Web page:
The Renaissance & the Biblical Hermeneutics

Along with several other spheres of learning in the Western world Biblical hermeneutics was also to be benefited from the Renaissance. From 1545 to 1563, the council of Trent insisted ‘on church authority and tradition on matters of’ Biblical interpretation and thereby a conflict of opinion was to arise between the Catholic Church and the Protestant reformers. The latter, rejecting the church authority and tradition, advanced the view that the Holy Scriptures are ‘perspicuous and self-sufficient’ to be interpreted so that the church is not supposed to be a necessary authority to mediate the text to the mortals.25 Both Dilthey and M-Vollmer consider Matthias Flacius Illyricus as ‘the most important Protestant theorist’ who ‘laid firm basis for the development of Protestant hermenetics’.26 Rejecting the church authority in interpreting the Bible ‘he argued that if the Scriptures had not yet been understood properly, this did not necessarily imply that the church ought to impose an external interpretation to make them intelligible; it merely reflected the insufficient knowledge and faulty preparation of the interpreters.’27 Flacius, like Luther and Melanchthon, also claimed that ‘the Scriptures contained an internal coherence and continuity’, that is to say, ‘an individual passage [of a Scripture] must be interpreted in terms of the aim and composition of the whole work’.28 This argument of Flacius’ seems to be a very initial form of the ‘hermeneutical circle’ which is the ‘canon of totality and meaningful coherence’ used as a methodological device in hermeneutical theory. In this device, a text is brought to the understanding as a ‘whole in relation to which individual parts acquire their meaning’ and vice versa.29 It reminds us of the basic doctrine of Farāhī’s school of thought concerning Qur’ānic hermeneutics. Although Farāhī had no acquaintance with Flacius’ work and he had not as well to react against any ‘Church’. But like Flacius, who played a vital role in working out new theories for biblical interpretation, he laid a new foundation for the development of Qur’ānic hermeneutics. He opined that the Qur’ān is not a set of discrete verses, instead it is an organic whole wherein the verses are integrally connected. Furthermore, a verse should be interpreted in the nexus of the other verses, that is to say, the Qur’ān should be interpreted in the light of its own rather than by any other external authority.30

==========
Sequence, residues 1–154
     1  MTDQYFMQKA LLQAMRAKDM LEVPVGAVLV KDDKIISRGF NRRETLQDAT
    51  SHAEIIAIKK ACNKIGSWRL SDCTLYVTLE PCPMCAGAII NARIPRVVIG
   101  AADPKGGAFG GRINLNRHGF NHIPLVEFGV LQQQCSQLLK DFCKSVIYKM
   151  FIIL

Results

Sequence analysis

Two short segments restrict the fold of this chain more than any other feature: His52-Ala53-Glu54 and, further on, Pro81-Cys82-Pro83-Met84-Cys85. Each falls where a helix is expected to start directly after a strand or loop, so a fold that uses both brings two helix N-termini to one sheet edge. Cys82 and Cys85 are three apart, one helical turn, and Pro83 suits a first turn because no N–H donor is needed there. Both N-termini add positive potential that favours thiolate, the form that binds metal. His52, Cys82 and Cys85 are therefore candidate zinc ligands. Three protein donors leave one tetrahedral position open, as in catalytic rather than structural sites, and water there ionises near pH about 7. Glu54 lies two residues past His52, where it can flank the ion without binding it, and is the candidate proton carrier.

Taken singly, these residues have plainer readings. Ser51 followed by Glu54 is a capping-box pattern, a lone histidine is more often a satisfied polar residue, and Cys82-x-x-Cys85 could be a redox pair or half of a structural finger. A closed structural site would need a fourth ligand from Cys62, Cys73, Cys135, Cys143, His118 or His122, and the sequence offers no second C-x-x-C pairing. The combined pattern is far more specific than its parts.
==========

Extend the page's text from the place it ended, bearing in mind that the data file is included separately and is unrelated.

Toward General Hermeneutics: Schleiermacher

Before Schleiermacher

Schleiermacher is considered to be the founder of modern tradition of hermeneutics. He was the first thinker who intended to work out a hermeneutical theory by virtue of which any kind of text could be interpreted. This hermeneutical approach was very novel comparing the classical tradition of hermeneutics in which the object of interpretation had often been the Biblical text. The Schleiermacherian approach is reported to influenced by two intellectual traditions: first, the Enlightenment philosophers who intended ‘to proceed everywhere from certain principles and to systematize all human knowledge’ and that is the approach whereby ‘hermeneutics became a province of philosophy’31; second, the Romantic tradition which Schleiermacher was himself a part of.32 In order to understand Schleiermacher’s thought concerning hermeneutics it is apt to have a view of those pre-Schleiermacherian thinkers, of both Enlightenment and Romantic traditions, whose thought has been reported to be amalgamated by him.


Hermeneutics as an Art of Perfect Understanding